29 May 2024

Aussie author wants to talk with Wagga about elephants and casual racism

| Chris Roe
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Author Meaghan Katrak Harris

Author Meaghan Katrak Harris wants to talk through the difficult parts of Aussie culture and identity. Photo: Supplied.

Author Meaghan Katrak Harris wants to have a conversation with Wagga about the “elephants in the room”.

Her book Memories and Elephants: The art of casual racism is a collection of stories and reflections that confront some of the more uncomfortable aspects of Aussie culture, race and identity.

The social worker, academic, writer and mother of a large multiracial family will be sharing her story at the Curious Rabbit in Wagga on Friday night.

“I’d been writing for quite a few years in academia, which can be quite constricting, and there was a particular burning issue for me at the time that I thought someone should write about,” she said.

“Then I thought, you know what, I’m someone. I’ll write about that!

“So I wrote an essay called The Privilege of Sharing Parenting Fails, where I challenged the trend on social media where mums would make a joke about how they forgot to pick the kids up again, or ‘wine at five o’clock ha ha ha’.

“And while I could see that they were trying to dispel that myth of being a superwoman, it made me frustrated because they don’t know how privileged they are to be able to joke about that sort of thing.

“Black women, brown women and young mums like I was can’t afford to joke about that kind of thing or you might have child protection on your doorstep!”

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What followed was a string of essays drawing on her own experiences that were eventually woven together in a personal narrative that challenges Australians to take a long hard look at themselves.

“I was a very young mum with three kids and their dad is Aboriginal, so I saw a side of Australia that maybe a lot of white people don’t see,” Meaghan explained.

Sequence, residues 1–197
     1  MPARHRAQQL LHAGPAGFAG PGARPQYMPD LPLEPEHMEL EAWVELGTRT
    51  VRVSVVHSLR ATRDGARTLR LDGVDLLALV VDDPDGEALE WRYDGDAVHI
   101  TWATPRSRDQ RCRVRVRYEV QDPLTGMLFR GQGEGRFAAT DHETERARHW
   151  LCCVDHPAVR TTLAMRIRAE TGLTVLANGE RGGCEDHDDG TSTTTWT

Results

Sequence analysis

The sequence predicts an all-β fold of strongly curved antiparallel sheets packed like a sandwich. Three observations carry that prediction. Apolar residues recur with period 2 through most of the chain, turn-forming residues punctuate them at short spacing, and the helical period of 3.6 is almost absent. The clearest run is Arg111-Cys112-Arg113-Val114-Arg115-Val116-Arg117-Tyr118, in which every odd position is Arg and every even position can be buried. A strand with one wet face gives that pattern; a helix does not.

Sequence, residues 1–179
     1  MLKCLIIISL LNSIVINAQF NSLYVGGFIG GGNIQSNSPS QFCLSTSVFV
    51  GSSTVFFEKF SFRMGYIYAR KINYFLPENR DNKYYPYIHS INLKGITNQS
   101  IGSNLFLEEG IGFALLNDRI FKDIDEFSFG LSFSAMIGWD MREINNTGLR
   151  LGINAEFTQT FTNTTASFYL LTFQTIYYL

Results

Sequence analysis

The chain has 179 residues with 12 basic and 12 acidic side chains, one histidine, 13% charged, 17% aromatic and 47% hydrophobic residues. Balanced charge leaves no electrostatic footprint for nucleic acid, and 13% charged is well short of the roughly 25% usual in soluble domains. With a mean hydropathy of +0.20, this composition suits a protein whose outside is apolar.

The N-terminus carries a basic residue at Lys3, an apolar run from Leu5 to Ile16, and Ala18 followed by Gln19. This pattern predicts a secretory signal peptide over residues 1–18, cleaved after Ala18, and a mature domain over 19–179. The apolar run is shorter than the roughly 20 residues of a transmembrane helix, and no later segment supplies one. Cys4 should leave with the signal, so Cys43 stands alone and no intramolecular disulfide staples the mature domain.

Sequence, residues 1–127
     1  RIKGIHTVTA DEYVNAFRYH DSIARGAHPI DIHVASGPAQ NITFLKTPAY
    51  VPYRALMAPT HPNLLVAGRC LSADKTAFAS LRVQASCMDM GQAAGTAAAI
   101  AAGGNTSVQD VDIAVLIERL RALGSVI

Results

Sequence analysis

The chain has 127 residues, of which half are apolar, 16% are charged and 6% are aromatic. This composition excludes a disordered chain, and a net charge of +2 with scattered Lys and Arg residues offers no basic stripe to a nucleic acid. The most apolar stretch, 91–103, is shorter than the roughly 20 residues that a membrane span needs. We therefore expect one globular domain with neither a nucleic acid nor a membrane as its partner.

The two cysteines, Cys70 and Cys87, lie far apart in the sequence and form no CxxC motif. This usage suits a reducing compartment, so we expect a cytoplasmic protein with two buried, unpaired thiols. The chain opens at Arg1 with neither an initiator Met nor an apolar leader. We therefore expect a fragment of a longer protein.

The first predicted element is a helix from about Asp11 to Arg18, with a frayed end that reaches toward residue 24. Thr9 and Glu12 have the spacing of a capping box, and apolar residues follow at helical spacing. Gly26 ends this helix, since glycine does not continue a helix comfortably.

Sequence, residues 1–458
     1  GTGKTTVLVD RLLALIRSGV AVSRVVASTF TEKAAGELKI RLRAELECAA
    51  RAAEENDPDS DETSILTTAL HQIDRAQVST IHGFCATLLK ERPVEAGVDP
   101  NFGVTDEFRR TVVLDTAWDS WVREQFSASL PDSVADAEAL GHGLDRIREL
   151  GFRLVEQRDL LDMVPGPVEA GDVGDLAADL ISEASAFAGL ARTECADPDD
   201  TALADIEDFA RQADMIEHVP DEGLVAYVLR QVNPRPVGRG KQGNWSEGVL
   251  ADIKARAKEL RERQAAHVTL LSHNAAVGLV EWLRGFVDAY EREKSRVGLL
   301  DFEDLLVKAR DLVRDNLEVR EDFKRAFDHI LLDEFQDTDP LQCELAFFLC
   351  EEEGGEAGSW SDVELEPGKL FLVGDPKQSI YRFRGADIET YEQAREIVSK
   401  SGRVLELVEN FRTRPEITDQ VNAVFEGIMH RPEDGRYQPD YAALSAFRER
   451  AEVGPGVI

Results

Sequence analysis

“It’s the hidden or the casual racism that many Aboriginal people deal with daily, so I wrote little vignettes about our life, our lived experience, and I put it against the sociopolitical background.”

In defining what she means by ‘casual racism’, Meaghan said it comes down to the little unconscious things that ‘otherise’ people who don’t fit the Aussie stereotype.

“For example, one of my sons gets pulled over by a police officer for a random check, then he’s asked where did he get his car? Who paid for it? ‘Oh, you’ve got better cars than us these days’.

“It’s just those throwaway lines that put Aboriginal people as ‘other’ and I use examples like that which makes me wonder how far we’ve really come as a nation.”

According to Meaghan, Australians are not good at including nuance in our defining narratives and we need a broader appreciation of our diverse and intertwining cultural stories.

“There are the Anzacs or the settlers and those ideas of our history, but we don’t do justice to the Aboriginal histories and we don’t do justice to our intersectional stories, of which there are many.”

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Earlier this year, Arts Mildura adapted the book into a play and Meaghan is hoping to take the show on the road to keep the conversation going.

“It debuted in February; it was a beautiful performance; we sold it out and we started thinking that we’d love to take this further,” she said.

“We’re very committed to the regions, so we’d love to do a tour including places like Wagga and as part of that I was invited to come and do a book talk.”

Meaghan said it was a conversation for all Australians and she was looking forward to a robust discussion on Friday night.

“You never know where the conversation will go but I’m really ready for it and I love all the hard questions we need to unravel,” she said.

“What we need is more open dialogue, and to really look at what it means to be Australian now.”

You can join Meaghan for a yarn on Friday (31 May) from 6 pm and book your tickets through the Curious Rabbit.

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